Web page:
A new study conducted in Israel shows that individuals given a third COVID-19 vaccine dose are nearly twenty times more protected against serious illness and more than ten times more protected against infection, compared with those who received their second dose at least five months previously.
The research, published on Wednesday by The New England Journal of Medicine, showed that 12 days after receiving a booster shot of a Pfizer-BioNTech COVID-19 vaccine, the chance of infection was 11.3 times less than among those eligible for a third shot but didn’t get one.
And the chance of suffering serious illness as a result of COVID-19 among those who had received a booster shot was 19.5 times less, the research said.
The study was conducted by researchers from the Weizmann Institute of Science, the Ministry of Health, the Technion, the Hebrew University, Sheba Medical Center, and the KI Institute.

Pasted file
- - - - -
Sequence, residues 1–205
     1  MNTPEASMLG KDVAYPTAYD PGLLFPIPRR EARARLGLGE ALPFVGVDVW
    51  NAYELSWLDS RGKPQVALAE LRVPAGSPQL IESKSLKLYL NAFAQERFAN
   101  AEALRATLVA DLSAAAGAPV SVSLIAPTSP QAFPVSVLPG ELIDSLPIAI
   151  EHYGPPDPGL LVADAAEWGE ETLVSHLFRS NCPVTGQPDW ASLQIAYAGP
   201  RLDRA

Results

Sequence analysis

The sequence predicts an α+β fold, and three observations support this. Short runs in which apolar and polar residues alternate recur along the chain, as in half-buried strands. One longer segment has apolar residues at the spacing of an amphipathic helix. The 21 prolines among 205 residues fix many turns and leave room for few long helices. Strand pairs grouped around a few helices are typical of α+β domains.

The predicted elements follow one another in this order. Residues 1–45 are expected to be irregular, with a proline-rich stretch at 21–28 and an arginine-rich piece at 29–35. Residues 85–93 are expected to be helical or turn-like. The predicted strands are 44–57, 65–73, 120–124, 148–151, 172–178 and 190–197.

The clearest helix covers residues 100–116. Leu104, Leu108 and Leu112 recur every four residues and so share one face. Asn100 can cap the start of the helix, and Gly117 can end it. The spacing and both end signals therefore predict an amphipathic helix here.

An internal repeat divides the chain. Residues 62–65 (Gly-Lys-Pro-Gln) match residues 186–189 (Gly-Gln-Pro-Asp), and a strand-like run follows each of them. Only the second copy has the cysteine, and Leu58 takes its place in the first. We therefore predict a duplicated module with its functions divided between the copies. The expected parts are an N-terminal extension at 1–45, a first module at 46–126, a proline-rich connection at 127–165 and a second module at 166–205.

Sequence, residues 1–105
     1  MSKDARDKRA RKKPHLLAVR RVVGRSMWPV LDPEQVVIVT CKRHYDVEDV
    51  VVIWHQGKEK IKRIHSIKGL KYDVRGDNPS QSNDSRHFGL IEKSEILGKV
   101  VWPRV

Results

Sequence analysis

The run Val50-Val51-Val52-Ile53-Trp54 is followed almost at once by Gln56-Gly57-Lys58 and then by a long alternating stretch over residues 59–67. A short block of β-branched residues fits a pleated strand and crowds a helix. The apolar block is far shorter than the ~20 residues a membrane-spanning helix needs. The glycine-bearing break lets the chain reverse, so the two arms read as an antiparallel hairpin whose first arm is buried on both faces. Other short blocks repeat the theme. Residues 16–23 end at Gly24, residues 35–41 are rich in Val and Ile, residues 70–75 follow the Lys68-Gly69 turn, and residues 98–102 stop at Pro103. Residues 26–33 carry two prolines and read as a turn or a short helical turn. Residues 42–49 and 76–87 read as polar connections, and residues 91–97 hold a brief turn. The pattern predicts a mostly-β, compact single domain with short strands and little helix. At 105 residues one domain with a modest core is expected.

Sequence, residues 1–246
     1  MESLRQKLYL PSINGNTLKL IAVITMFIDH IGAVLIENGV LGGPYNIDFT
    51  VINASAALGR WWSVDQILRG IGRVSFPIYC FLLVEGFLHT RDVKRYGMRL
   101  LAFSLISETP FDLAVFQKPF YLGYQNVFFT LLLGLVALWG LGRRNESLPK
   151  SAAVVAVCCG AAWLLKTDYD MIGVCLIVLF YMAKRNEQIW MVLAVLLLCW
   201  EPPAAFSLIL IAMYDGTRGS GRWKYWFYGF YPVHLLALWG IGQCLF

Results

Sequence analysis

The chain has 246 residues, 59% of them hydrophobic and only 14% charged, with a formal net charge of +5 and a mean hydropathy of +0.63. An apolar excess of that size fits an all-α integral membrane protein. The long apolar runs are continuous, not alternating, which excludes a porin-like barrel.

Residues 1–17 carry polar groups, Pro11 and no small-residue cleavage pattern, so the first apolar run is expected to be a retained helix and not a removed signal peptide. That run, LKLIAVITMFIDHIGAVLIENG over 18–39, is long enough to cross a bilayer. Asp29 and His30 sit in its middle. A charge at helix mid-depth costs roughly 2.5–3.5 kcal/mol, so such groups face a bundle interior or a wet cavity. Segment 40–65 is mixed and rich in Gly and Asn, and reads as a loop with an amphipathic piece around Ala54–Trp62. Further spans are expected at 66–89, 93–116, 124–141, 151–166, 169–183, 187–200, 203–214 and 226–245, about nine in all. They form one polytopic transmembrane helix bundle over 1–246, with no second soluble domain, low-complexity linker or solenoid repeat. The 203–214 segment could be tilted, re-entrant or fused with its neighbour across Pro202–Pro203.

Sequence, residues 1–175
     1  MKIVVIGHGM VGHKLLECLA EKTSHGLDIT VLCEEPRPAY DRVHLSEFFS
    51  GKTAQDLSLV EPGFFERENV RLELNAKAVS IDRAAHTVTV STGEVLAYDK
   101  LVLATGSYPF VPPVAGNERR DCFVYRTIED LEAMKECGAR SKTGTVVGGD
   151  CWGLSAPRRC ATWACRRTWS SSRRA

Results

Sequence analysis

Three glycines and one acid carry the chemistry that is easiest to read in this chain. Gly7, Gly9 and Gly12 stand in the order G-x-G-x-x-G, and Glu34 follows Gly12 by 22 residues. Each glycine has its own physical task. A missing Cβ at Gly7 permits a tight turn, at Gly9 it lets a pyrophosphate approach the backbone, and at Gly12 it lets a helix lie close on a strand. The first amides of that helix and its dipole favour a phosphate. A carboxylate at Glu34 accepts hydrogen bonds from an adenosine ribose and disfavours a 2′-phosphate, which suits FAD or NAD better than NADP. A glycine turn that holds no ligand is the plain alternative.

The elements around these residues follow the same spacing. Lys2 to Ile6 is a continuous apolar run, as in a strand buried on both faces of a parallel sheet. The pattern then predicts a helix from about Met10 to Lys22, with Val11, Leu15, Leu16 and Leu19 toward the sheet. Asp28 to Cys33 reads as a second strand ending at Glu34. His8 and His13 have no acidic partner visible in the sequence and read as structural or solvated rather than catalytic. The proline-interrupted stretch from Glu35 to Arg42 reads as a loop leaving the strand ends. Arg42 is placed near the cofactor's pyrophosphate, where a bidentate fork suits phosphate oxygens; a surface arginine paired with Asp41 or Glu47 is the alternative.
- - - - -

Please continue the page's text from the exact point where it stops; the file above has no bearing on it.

Even with a more conservative analysis, which attempted to control possible behavioral differences between the two groups, the infection rate was at least 5 times lower in the group that had received the booster shot, the Health Ministry said in a statement.
The research includes data from more than 1 million Israelis. Among those who hadn’t received a booster shot despite being eligible, there were 4,439 confirmed infections, including 294 serious patients. Among those who received the booster at least 12 days previously, there were 934 infections including 29 serious cases.
The Israeli data could not say how long the boosted protection lasts.
But a separate study conducted at Sheba Medical Center in Ramat Gan, outside Tel Aviv, has stoked optimism as to the amount of time for which the booster shot retains its protection.
The study found that the antibody levels a week after the third COVID-19 vaccine dose was administered to its staff were ten times higher than their levels a week after the second dose was administered.